- Jamaa El-Fna and the famous night street food market: This market always filled me with so much excitement and energy. Here you’ll find street performers, dancers, henna tattoos (make sure it’s not black henna) and people selling all sorts of things to you. This is the epicentre of the city so don’t miss out!
- Some friends and I from the hostel visited the market at night to try some of the weird and wonderful street foods on offer here. You can find snails (from the French influence), shwarma, fresh fish dinner, tagine, all kinds of olives and even goats head! Yes, my friends and I bought half a goat head to try. As expected, it tasted really gross! I ate the eye and a piece of brain. Blugh!
Three day trip to the Sahara Desert
Probably the most incredible experience in Morocco is a trip to the Sahara desert.
What this usually includes is;
- Transport in a van/bus with sightseeing to the Atlas mountains, Aït Benhaddou and Oasis valley.
- A camel ride to your Berber camp in the desert
- Dinner in your camp with some entertainment in the evening
- Accommodation in a campsite overnight
- A camel ride back in the morning to your van to head back to Marrakesh.
Although it sounds a lot, it doesn’t have to be extensive; there are plenty of tours to suit your budget and your needs.
The deeper into the Sahara desert you go, the longer it will take you with the minimum time you require being two days (1 night). With two days you will get to Zagora. The dunes won’t be as high but I took this tour and still felt it was a ‘real’ desert experience! Plus, more than one night camping wouldn’t be for me.
The recommended time is 3 days and you’ll get to head to Merzouga which is deeper into the Sahara and has higher sand dunes.
My overnight tour to the Sahara desert was a backpackers budget style tour and cost me around 350 MAD (£30) with Marrkesh Desert Trips. It’s gone up in recent years but I would personally negotiate a tour while you’re there in Marrakesh and not before.
If you don’t have two days and would like a desert experience than Scarabeo Camp maybe for you. Situated only 2 hours from Marrakesh you can head into the desert for the day!
Spend two days in beach town of Essouaira
Essaouira is nicknamed Africa’s windy city on the coast and you can tell why as soon as you get here, it will blow you away with the breeze.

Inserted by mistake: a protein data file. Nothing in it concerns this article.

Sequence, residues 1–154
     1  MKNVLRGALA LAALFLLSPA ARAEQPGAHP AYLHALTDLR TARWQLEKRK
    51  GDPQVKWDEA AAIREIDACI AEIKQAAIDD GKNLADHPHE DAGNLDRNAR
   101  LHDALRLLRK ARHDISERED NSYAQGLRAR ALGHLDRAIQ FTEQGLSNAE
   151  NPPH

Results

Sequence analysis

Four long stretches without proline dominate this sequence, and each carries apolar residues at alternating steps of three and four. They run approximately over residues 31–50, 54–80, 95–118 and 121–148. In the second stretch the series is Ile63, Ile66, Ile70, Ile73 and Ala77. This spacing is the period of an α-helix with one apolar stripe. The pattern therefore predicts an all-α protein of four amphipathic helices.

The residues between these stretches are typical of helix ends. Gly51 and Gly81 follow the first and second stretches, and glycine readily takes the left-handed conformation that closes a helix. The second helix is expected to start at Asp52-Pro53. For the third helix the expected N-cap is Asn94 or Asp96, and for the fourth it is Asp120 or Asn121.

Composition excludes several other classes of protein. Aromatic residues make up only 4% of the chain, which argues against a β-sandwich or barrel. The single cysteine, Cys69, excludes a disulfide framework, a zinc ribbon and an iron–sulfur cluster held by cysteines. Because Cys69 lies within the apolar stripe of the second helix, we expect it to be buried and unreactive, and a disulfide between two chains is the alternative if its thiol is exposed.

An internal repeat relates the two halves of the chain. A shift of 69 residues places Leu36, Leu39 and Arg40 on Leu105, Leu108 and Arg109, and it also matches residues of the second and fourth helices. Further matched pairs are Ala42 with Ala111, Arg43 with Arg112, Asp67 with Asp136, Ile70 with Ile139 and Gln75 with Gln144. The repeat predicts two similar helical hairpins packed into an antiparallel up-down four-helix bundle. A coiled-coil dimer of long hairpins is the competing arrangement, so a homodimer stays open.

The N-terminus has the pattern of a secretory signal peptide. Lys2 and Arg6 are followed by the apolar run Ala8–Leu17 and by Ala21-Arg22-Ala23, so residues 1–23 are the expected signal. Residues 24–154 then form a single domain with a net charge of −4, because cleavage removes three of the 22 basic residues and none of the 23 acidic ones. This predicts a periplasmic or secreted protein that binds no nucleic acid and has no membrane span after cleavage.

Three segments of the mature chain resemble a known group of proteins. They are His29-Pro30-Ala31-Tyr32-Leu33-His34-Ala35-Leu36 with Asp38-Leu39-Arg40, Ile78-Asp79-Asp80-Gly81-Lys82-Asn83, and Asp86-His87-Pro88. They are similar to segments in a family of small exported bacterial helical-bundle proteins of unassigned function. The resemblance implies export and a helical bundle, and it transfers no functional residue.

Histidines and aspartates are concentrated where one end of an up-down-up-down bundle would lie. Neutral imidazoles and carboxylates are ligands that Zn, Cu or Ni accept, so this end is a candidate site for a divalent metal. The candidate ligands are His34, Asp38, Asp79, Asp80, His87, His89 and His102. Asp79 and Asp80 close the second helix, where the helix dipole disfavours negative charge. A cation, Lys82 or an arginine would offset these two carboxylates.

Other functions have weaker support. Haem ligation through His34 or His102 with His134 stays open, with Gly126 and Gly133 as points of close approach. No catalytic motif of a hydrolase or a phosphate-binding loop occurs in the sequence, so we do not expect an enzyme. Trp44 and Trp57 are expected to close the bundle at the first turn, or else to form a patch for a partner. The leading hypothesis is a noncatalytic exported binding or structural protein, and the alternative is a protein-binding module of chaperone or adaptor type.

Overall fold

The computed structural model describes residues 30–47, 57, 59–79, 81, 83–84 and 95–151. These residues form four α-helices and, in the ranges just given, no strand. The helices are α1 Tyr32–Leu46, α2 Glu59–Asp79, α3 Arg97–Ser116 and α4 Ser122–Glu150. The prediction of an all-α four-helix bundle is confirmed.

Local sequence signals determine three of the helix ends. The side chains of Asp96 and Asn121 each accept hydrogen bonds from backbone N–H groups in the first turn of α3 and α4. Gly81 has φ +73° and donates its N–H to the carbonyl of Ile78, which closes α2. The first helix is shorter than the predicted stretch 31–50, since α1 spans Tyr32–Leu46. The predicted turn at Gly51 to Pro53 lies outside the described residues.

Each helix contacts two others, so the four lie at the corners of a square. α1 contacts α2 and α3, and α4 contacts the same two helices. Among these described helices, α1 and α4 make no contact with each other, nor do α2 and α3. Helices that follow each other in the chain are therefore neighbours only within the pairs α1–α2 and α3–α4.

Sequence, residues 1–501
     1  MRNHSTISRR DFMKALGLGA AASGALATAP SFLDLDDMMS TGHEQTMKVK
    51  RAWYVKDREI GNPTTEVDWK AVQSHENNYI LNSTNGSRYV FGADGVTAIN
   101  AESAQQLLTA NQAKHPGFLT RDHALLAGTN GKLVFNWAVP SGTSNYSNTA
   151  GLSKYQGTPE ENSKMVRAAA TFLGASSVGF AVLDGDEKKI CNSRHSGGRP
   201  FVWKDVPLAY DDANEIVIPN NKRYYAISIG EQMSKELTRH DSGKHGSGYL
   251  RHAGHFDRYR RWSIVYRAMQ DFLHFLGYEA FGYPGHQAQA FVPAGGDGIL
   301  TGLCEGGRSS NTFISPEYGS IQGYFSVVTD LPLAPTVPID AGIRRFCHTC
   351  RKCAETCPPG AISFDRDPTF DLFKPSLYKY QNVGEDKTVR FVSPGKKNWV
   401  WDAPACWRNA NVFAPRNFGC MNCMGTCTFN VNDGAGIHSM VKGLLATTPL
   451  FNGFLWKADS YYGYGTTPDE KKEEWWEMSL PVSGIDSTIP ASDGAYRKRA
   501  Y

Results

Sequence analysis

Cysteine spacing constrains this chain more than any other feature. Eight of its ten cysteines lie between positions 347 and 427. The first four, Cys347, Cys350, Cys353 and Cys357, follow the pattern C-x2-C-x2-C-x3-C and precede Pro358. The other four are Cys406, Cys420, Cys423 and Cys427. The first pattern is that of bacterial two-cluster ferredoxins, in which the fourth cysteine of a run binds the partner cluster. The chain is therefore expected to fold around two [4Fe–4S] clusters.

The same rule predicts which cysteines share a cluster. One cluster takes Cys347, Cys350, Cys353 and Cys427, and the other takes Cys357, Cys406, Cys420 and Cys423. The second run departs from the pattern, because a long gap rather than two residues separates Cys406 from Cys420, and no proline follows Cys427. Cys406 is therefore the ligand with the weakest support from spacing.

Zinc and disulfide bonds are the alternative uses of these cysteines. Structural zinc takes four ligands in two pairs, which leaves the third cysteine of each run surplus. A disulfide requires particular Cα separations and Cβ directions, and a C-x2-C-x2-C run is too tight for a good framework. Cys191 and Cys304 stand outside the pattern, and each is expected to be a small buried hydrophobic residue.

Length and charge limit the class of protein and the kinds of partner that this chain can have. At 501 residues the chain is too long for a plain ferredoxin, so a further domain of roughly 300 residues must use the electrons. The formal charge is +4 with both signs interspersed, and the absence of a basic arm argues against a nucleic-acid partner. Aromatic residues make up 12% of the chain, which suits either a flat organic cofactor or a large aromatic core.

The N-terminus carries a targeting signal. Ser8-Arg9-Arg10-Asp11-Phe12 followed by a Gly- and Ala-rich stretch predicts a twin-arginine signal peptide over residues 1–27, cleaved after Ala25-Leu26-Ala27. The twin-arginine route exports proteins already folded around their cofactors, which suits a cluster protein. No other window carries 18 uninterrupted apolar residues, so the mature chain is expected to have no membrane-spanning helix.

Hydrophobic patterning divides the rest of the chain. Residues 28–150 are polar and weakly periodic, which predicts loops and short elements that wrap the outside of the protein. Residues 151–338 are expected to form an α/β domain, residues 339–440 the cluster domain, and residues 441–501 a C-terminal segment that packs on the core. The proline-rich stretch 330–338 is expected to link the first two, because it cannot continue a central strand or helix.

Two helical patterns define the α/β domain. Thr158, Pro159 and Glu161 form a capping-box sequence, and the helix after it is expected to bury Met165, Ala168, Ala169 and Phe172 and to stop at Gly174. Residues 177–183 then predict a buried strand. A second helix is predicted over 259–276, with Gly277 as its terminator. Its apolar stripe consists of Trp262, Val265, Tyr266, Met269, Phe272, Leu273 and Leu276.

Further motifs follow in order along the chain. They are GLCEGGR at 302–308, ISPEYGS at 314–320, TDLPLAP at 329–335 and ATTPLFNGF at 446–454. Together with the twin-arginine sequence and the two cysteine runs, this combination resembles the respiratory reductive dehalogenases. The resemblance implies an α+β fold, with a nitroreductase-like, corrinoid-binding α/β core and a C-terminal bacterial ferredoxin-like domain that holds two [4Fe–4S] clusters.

Getting here is a smooth and easy 3 hour bus ride from Marrakesh (look out for the goats sitting in the trees on the drive down).
I personally booked my bus on the day with Supratours from the main bus station. Make sure that you book your return ticket at the same time or you may find you’ll be stuck without a way back!
I only stayed for the day here but wish I had for two. Here, you can take a stroll on the beach, visit the pretty boats in their port on the harbour, shop in the beautiful market and try some fresh fish from ocean to table.
Find where to stay on the map below:
Take the overnight train and spend three days in busy city of Fes
Marrakesh and Fes are around a 5 hour drive away from each other, but if you don’t have the cash for the one hour flight or a private taxi you should opt for the overnight train service. This will take approximately 7 hours as you sleep!
You can look up how to get tickets at the ONCF website or turn up to the station with cash in hand to book your seats (in fact, you get private cabins this way!). Don’t count on them taking credit cards for your booking. Cash is definitely king in Morocco.
When you alight on the platform and make your way to the medina, you should prepare yourself for your wildest adventure yet! Fes is definitely the busiest and most chaotic city in Morocco and you’ll be in for a hell of a ride. For a complete guide to Fes, see here.
Remember to keep your wits about you and remain vigilant, for more tips see the ’19 essential things I wish I knew before travelling to Morocco’.
Where to stay in Fes
Although Fes doesn’t have as many glamorous 5* riads compared to the likes of Marrakesh, it does have plenty of them to offer in amongst the busy old medina and beyond. These will be like an oasis for your stay in Fes, so choose wisely.
Here are some riads I think you will love;
- Dar Seffarine: this Riad is a converted palace which is wall to wall grandeur but with a homely feel. You’ll wonder how you got so lucky when you enter your room; they’re all spectacular. The owners will welcome you with mint tea and give you plenty of directions to help you find your way around. Make sure you head up to their rooftop at sunset for a view of the whole city and join them for a scrumptious dinner.
- Riad Fes: If you don’t want to sacrifice on any home comforts, Riad Fes is the place for you. It’s a 5* oasis in the centre of the Medina, with a pool, gym, rooftop bar, fine dining restaurant and a luxurious feel everywhere you go.
Some other alternatives:
Find where to stay on the map below:
What to get up to in Fes
With over 9,000 streets in this medina, it’s inevitable you will get lost at some point. But, don’t worry, it’s more fun that way! There are plenty of surprises to find in the market place and top attractions you can’t miss out on…
- Fes Tanneries – you’ll probably smell these before you see them, but these are so worth a peek. Let’s just say it’s a mix of poop and pee to make those gorgeous leather products you see in the marketplace. People will approach you for a ‘free’ tour. A tip is customary but don’t overpay! 10 MAD should suffice.
- Bou Inania Madrassa – As the mosques in Fes are strictly for those who practice Islam, the Madrassa’s here are a great alternative. These are historic learning colleges but most people visit to admire the architecture. The most impressive is Bou Inania Madrassa. Cost 20 MAD.